Format

Send to

Choose Destination
J Food Sci Technol. 2014 Dec;51(12):3669-79. doi: 10.1007/s13197-012-0915-5. Epub 2013 Jan 10.

Physicochemical properties of flours and starches derived from traditional Indonesian tubers and roots.

Author information

1
School of Biomedical and Health Science, Faculty of Health, Engineering and Science, Victoria University, Werribee Campus, Melbourne, Victoria Australia.
2
School of Biomedical and Health Science, Faculty of Health, Engineering and Science, Victoria University, Werribee Campus, Melbourne, Victoria Australia ; Institute for Sustainability and Innovation, Faculty of Health, Engineering and Science, Victoria University, Werribee Campus, Melbourne, Victoria Australia.
3
School of Applied Sciences, RMIT University, City Campus, Melbourne, Victoria Australia.

Abstract

Flours and starches isolated from traditional tubers and roots grown in Indonesia have physical and chemical properties suitable for certain food applications. Compared to other flour samples, cassava and canna flours contained the highest amount of total starch (TS) (77.4 and 77.1 %, respectively). Taro starch had the lowest amount of TS among other starch samples with 75.4 %. The highest amount of amylose was observed from yam and canna flours (25.2 and 23.2 %, respectively). Among starch samples, canna starch contained the highest amylose content (30.4 %), while taro had the lowest (7.6 %). In terms of protein content, arrowroot flour had the highest amount (7.7 %), in contrast to cassava flour which had the lowest (1.5 %). Compared to other flours, canna and konjac flour were the most slowly digested which indicated by their high amount of resistant starch (RS). Canna starch had the highest swelling power and viscosity than other starches and flours. The clearest paste was observed from cassava flour and starch as opposed to konjac starch which was the most opaque paste.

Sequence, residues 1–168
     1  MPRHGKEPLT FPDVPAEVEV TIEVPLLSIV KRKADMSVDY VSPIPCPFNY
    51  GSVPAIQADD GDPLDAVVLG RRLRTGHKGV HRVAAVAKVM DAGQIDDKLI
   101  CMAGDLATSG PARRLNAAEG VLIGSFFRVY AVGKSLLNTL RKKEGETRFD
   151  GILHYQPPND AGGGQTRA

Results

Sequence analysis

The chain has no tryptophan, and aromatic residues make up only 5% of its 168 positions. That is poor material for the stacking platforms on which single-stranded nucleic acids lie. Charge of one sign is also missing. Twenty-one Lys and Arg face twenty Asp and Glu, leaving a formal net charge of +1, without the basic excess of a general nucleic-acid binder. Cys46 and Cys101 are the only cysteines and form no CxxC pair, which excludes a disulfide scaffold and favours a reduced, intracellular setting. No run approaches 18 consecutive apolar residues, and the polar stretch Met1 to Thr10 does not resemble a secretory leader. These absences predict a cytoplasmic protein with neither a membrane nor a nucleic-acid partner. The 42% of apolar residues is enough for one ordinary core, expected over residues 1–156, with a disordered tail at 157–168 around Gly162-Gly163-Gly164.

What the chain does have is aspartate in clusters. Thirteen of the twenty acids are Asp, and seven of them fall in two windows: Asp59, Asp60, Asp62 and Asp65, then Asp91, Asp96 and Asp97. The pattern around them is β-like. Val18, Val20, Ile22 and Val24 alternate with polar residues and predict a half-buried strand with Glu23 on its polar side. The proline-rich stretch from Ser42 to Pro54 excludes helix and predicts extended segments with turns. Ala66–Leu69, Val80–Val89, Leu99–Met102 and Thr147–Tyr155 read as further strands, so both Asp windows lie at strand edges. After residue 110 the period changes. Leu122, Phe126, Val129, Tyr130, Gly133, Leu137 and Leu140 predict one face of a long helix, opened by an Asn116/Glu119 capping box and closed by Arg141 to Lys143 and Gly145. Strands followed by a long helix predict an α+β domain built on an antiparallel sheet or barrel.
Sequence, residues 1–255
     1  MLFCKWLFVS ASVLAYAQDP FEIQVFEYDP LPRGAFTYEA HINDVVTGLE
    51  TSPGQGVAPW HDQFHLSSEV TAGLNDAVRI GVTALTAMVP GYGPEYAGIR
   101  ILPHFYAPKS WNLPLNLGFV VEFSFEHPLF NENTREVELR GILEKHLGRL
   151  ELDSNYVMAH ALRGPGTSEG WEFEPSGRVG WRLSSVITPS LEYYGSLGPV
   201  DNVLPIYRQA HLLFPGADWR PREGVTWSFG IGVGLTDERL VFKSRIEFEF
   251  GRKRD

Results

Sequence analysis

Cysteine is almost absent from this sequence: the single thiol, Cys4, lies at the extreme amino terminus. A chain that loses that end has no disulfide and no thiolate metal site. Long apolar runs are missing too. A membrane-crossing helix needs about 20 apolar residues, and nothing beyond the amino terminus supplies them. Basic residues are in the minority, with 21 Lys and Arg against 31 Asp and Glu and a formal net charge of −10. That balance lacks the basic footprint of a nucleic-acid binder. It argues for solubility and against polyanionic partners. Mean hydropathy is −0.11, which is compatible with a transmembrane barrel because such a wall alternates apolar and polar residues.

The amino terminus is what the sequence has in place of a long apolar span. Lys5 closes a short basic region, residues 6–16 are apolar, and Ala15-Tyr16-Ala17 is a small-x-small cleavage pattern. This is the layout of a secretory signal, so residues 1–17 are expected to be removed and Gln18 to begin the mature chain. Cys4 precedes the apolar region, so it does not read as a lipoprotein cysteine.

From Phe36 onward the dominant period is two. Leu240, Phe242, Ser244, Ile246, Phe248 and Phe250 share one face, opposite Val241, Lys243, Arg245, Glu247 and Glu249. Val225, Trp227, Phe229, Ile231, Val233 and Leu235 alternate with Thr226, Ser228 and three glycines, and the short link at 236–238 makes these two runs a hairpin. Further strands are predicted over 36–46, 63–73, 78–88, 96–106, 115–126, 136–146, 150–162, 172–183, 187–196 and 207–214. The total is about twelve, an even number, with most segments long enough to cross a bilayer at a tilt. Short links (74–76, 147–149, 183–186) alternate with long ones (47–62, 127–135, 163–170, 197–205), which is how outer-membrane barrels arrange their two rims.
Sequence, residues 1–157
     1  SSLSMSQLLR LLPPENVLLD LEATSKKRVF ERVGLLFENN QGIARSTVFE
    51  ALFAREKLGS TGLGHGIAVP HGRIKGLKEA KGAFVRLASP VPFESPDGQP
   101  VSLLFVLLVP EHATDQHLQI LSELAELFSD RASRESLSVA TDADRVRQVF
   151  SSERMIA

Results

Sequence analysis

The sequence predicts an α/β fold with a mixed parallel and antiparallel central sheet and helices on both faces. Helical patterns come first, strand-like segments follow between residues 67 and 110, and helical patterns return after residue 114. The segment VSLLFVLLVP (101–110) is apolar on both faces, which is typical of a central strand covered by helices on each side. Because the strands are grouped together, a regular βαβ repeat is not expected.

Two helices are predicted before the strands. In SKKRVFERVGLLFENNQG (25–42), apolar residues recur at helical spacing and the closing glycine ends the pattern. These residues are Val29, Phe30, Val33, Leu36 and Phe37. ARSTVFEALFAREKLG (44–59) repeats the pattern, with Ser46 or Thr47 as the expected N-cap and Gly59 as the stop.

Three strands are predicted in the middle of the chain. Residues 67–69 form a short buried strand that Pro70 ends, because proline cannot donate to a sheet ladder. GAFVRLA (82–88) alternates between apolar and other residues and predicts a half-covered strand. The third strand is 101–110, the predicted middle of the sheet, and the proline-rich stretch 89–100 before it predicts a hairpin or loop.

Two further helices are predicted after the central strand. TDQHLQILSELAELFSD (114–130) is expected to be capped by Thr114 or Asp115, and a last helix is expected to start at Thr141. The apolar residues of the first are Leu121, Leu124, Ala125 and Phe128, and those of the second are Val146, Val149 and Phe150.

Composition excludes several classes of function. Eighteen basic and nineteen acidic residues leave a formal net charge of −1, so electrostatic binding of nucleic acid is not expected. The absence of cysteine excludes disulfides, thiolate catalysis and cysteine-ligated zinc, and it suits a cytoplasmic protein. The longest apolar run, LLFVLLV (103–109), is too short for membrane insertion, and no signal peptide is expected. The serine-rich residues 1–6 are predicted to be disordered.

KEYWORDS:

Arrowroot; Canna; Cassava; Flour; Konjak; Physico-chemical properties; Starch; Sweet potato; Taro; Yam

Supplemental Content

Full text links

Icon for PubMed Central
Loading ...
Support Center